Karla Ausderau, PhD

Karla Ausderau, PhD Slide of the Week

Title: Parent Strategies to Support Mealtime Participation for Children with Autism Spectrum Disorders

Legend: A qualitative conventional content analysis was used to identify parent strategies in 17 mealtime videos across 12 families. Six different categories were identified that encompassed the strategies that were observed in the mealtime videos: 1) parent intervening and ignoring; 2) meal preparation and adaptability; 3) play and imagination 4) distractions; 5) positive reinforcements; and 6) modeling. See graphic for definitions and examples of the parent mealtime strategies. Multiple strategies were used within a family and often within one meal. However, strategies were used in varying frequency across the participants with parent intervening and ignoring and meal preparation and adaptability being the most prevalent and modeling being the least common.

Citation: Ausderau KK, St. John B, Kwaterski K, Nieuwenhuis B, Bradley E. (in press). Mealtime Strategies for Parents of Children with Autism Spectrum Disorders. American Journal of Occupational Therapy.

Abstract: Objective Identify and describe parents’ strategies used to support mealtime participation for their child with autism spectrum disorder (ASD). Method Twelve families with 1-2 children with ASD (ages 2-7 years) participated in videotaped mealtime observations. Strategies families used to facilitate participation were identified and categorized using qualitative conventional content analysis. Results Six categories were identified: 1) parent intervening and ignoring; 2) meal preparation and adaptability; 3) play and imagination; 4) distractions; 5) positive reinforcements; and 6) modeling. Props and common child objects (e.g., toys and blankets) that support the child’s participation at mealtime, were not a unique category but rather used within the context of multiple strategies. In addition, increased vigilance within parent actions emerged as an important component of all family mealtimes. Conclusion  Families used multiple strategies within and across mealtimes, highlighting the individualistic nature of feeding challenges. Understanding parent mealtime strategies allows for further investigation into the efficacy and development of intervention strategies for promoting mealtime participation for children with ASD.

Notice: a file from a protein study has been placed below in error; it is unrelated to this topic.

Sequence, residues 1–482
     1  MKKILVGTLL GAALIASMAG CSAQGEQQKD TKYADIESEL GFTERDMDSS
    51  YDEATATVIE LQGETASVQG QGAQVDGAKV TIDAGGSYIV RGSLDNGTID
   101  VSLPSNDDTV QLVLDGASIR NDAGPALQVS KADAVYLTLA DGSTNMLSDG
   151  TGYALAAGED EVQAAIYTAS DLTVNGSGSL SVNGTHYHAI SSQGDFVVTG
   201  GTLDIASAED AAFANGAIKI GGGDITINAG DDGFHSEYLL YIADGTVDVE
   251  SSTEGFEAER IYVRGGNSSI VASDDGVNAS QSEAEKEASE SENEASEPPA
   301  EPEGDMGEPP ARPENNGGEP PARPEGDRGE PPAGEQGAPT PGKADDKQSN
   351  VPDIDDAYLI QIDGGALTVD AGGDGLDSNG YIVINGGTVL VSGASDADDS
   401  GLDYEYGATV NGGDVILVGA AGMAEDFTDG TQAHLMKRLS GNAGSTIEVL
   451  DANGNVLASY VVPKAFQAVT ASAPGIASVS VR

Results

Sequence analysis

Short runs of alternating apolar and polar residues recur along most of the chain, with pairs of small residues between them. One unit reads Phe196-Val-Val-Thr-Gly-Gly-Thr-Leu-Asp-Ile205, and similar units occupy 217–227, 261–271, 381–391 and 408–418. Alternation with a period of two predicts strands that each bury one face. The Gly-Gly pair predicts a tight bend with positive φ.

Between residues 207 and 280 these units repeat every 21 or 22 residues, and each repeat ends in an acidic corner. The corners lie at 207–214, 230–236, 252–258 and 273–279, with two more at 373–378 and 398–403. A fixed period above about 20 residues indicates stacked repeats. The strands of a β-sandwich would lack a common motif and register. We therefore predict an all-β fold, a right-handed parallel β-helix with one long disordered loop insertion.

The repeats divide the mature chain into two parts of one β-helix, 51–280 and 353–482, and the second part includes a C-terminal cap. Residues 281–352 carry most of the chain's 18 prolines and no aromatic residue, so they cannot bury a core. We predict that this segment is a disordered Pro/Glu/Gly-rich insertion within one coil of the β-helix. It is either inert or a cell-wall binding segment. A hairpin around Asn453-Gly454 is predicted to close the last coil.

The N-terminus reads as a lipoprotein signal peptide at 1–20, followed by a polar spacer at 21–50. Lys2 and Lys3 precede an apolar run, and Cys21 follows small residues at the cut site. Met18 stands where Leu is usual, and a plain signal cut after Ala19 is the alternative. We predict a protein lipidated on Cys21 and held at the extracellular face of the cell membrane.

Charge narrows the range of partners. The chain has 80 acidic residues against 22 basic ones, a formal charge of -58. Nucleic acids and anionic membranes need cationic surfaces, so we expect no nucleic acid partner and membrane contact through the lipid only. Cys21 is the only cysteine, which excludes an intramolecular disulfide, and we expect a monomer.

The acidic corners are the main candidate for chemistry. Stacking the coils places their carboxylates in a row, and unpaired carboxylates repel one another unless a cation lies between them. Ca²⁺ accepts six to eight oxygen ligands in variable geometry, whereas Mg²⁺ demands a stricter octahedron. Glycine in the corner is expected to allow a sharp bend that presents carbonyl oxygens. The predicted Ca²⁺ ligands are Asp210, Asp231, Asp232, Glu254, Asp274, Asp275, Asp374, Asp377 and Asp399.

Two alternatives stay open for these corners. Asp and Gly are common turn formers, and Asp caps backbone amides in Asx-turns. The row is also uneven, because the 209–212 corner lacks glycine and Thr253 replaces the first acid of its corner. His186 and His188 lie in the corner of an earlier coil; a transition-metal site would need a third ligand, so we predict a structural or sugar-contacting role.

About the Lab: Dr. Ausderau’s research focuses on families and children with ASD. She studies daily occupations, specifically eating and mealtimes, to elucidate the impact on the child’s health, family wellness, and overall daily participation. In addition, she studies sensory features in children with ASD, including their development, characterization, and impact on daily participation. With better characterization of feeding and sensory behaviors and understanding their influence on daily participation, Ausderau hopes to be able to develop more effective assessment tools, targeted treatment strategies, and improved outcomes for children and families.

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